ASTANA – The Kazakh film industry is on the rise, according to production companies who presented their films at the first international Eurasian Film Market that took place in Almaty on Sept. 11-14, reported Kazinform news agency.
International film events serve as ideal opportunities for taking stock of the industry. This year’s Eurasian Film Market shone a spotlight on cinematic talent from the Commonwealth of Independent States (CIS).
The event is a platform for the promotion of projects and companies in the CIS countries. Among the participants are content producers and buyers, streaming platforms, foreign organizations promoting national film content, representatives of foreign funds and individual programs to support film production and distribution.
Regional cinema is having its moment, according to industry leaders.
Kurmanbek Zhumagali, chairman of the State Center for Support of National Cinema, said that since 2019, the state had supported over 100 film projects totaling over 17 billion tenge ($34 million) that include 47 feature films, 25 documentaries, 24 short films and eight animated films.
“We plan to continue this work and introduce new mechanisms to support the domestic film market. Now we have short-term and long-term tasks to accomplish. This primarily concerns improving the current law on cinematography, rules and normative legal acts. Digitalization of the procedure for submitting documents for the competition is also in the pipeline,” said Zhumagali.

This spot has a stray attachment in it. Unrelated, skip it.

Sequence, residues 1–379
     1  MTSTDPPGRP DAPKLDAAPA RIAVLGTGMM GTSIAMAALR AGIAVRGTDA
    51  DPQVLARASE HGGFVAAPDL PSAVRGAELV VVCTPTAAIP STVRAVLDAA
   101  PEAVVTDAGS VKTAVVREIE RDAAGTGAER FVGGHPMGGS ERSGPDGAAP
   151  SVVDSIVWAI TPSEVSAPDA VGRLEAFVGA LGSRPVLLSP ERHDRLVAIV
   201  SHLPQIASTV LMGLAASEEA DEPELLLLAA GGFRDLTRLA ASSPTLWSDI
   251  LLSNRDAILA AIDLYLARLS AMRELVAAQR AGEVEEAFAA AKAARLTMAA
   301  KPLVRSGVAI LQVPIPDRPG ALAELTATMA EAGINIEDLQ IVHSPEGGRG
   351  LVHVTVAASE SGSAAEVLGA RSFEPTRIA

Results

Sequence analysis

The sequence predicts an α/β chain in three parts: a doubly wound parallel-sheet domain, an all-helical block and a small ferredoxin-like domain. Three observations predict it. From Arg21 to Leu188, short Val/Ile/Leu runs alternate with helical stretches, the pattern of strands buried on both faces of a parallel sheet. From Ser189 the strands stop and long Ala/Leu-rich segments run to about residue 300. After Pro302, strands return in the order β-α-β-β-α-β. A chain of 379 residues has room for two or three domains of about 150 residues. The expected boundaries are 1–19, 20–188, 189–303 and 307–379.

During the event, the audience viewed such works as “Bauryna Salu” (Adoption) by Askhat Kuchinchirekov, which will be presented at the San Sebastián film festival in September, along with the action film “Berkut” (Eagle) by Daniyar Ibragimov.
The event also featured new films, including “Rhinoceros” by Adilkhan Yerzhanov, a musical “Soldier of Love” based on the songs of the famous A-Studio band directed by Farkhat Sharipov, “Zhaza” (Punishment) action-drama about corruption by Maxim Akbarov and the debut work of Aitore Zholdaskali about the birth of Kazakh rap called “Shulama” (Don’t make noise).
One of Kazakhstan’s largest production companies, Tiger Films, also presented its films. According to general producer Yerlan Bukharbayev, Kazakh cinema’s share of domestic films increased dramatically from 20% in 2019 to 40% this year.
In 2022, 38 locally produced films were screened in theaters, and by the end of 2023, 60 films are expected to be released, said Bukharbayev.
Since its inception two years ago, Tiger Films has produced 26 feature films, 18 of which have been released in theaters.
The event is anticipated to attract over 250 participants from 20 countries.